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Dublin: 15 °C Thursday 9 July, 2020

Croly ready to lead Rovers revival

“Without unity, nothing will be achieved,” says Trevor Croly as he sets out the blueprint for his reign as Shamrock Rovers manager.

Image: ©INPHO/Donall Farmer

TREVOR CROLY SAT down on Tuesday night and started to draw up a “to-do list” for his new job as Shamrock Rovers manager.

Bringing in a replacement for Gary Twigg, Rovers’ iconic striker and three-time Golden Boot winner who left for Portadown at the end of the season, is one of his top priorities.

But before he tries to reboot the attack and bring it into the post-Twigg era, Croly knows there’s one thing he must do if he is to succeed where his predecessor Stephen Kenny failed: he has to patch up the Hoops’ leaky defence.

Under Kenny and later under temporary director of football Brian Laws, Rovers conceded 37 goals in the league last season, the worst record of any team in the top six.

To make matters worse, those frailties at the back were painfully exposed by their closest rivals. It will take a long time for the memories of a 5-1 defeat against St Patrick’s Athletic and a 4-0 loss to Bohemians in Dalymount Park to fade from the collective memory.

While the Hoops bumbled from error to error, Croly was presiding over the league’s meanest defence as assistant to Liam Buckley at St Pat’s. Now he says his Rovers team will be built from the back, hoping to replicate the more miserly traditions of Michael O’Neill’s title-winning squad.

“We’d the best defensive record last year when you look at the stats,” Croly tells “It’s your foundation, isn’t it? It’s the start.

We’ll build our game from there and hopefully we’ll have a solid [defence] like Michael was able to bring to the club. That’s one of the components of success so we’ll definitely look for that.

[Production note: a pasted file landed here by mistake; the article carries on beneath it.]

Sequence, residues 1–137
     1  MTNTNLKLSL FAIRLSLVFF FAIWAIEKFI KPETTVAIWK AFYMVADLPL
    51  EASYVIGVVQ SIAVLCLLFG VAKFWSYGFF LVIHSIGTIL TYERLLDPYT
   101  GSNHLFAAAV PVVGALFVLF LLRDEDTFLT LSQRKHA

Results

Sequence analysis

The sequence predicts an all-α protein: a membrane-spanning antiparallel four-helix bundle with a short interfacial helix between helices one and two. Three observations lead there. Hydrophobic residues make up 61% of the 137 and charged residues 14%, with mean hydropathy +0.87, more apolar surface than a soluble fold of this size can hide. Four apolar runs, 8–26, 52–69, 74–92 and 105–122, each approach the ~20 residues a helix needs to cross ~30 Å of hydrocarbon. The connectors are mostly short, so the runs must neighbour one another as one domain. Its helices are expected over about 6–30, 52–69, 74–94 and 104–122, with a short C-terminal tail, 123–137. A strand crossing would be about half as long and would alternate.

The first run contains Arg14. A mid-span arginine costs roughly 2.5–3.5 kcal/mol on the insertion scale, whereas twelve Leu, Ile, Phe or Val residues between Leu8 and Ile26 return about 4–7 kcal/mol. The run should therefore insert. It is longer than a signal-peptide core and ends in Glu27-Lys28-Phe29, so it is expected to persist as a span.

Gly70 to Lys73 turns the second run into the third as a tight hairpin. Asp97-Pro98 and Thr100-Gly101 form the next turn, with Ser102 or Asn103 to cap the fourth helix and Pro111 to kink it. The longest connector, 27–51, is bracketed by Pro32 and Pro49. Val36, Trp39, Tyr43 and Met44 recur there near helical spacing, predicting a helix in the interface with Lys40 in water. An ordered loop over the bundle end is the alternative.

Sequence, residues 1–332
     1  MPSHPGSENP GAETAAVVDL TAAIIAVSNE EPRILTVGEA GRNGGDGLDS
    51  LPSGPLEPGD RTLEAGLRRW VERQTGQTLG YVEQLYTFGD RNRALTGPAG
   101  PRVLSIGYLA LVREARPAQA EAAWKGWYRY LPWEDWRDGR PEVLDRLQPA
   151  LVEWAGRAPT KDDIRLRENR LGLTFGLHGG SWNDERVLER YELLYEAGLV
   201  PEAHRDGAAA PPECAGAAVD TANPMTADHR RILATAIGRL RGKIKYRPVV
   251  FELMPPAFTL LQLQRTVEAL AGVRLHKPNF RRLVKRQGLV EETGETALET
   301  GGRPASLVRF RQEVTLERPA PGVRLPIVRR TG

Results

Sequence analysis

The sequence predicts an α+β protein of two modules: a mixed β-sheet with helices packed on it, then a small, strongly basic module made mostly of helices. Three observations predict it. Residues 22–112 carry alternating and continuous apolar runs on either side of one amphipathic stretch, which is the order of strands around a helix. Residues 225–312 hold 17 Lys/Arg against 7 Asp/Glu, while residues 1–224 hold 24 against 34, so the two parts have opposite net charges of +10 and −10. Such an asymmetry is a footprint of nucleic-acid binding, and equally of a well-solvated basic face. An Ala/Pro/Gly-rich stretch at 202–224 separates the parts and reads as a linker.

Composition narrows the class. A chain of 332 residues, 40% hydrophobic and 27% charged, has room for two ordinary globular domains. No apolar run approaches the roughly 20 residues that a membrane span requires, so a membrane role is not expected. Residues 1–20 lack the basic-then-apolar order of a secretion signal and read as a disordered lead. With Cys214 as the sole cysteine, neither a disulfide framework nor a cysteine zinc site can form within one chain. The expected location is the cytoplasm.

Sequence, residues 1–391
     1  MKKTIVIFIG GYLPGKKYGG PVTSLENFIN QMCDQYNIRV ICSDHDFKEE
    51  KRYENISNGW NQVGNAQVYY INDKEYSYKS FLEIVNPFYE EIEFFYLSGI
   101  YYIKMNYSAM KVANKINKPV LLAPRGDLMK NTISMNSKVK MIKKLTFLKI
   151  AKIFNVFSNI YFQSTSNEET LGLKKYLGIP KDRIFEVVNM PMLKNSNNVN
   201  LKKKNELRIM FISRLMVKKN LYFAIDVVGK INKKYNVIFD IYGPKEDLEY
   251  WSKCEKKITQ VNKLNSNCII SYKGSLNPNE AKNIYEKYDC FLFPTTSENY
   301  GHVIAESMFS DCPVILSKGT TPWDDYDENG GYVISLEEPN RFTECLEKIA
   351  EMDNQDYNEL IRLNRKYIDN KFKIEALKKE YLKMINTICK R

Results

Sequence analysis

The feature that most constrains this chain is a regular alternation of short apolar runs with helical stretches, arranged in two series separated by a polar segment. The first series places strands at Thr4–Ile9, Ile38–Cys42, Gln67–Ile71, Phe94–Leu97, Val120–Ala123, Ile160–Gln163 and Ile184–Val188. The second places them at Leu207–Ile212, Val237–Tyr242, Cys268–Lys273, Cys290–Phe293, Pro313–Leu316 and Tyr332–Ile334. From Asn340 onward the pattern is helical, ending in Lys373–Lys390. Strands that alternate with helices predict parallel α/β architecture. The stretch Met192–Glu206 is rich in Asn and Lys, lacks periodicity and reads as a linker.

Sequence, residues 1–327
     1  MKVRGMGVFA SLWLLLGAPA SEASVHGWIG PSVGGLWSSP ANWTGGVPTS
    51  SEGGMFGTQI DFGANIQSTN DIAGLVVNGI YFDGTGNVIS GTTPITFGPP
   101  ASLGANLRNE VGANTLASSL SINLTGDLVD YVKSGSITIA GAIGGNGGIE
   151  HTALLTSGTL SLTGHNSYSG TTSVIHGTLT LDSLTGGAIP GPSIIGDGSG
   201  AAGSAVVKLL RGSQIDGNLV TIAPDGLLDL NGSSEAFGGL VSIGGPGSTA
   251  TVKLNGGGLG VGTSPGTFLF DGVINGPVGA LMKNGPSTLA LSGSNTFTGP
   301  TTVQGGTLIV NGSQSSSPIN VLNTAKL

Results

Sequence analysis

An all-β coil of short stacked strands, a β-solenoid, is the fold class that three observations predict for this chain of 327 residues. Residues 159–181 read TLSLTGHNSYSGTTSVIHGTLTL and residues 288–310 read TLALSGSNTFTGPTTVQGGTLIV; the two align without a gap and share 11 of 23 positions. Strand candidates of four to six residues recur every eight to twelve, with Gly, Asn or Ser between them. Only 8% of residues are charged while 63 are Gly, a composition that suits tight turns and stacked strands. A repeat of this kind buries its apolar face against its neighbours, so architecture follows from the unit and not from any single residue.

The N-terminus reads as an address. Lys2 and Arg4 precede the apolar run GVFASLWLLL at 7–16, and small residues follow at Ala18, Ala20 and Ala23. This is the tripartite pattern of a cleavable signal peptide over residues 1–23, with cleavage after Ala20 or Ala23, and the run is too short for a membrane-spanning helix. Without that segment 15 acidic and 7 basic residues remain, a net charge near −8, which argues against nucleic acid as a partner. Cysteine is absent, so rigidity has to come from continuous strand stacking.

Despite that philosophy, the hole left by Twigg’s departure after four seasons as a fan favourite will have to be addressed quickly as well.

Rovers have already been linked with a move for one former Hoop, Mark Quigley of champions Sligo Rovers, but Croly says he’ll be willing to cast the net beyond the league to find a replacement if necessary.

“You’ve got to go and try to find a goalscorer. Gary was fantastic for the club. Anyone who scores that amount of goals is fantastic.

“I was lucky enough to work with him and have the pleasure of that. We’ve got to go and get players in that can get the goals that Gary got.

We’ll look anywhere. We got Gary from Scotland. We don’t really mind where we get players from if they can score goals and if they’re good players. We will be looking anywhere to bring players in, the best players we can get.

Although Croly is highly regarded in domestic football circles as a coach, Rovers’ decision to take a gamble on a man who has never managed before raised plenty of eyebrows, including some among their own fans.

Croly says that the step up will be a challenge but nothing that he won’t be able to adapt to quickly.

“I’ve somewhat been managing through the different managers I’ve worked with. I don’t see any problems, I don’t think it will be a problem at all.

“I think it will be a challenge. I think there’ll be different aspects to it and there’ll be slightly different structures put on it. I know it’s not going to be a problem.”

Once Rovers came calling, it was easy for Croly to see the pros of beginning his managerial career at Ireland’s most successful club. But what was just as important, he explains, was that he struggled to come up with too many cons.

Even if the fans have high expectations of him and expect a quick bounce back from the disappointment of last season, Croly spins it as a good thing.

“I actually can’t think of any negatives. I think having fans and plenty of them is fantastic. I’ve been here before — they’re fantastic, they get behind the team and they’re a massive part of the club.

They’ll all be ready to be together and working for one goal because without unity, nothing will be achieved.

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About the author:

Niall Kelly

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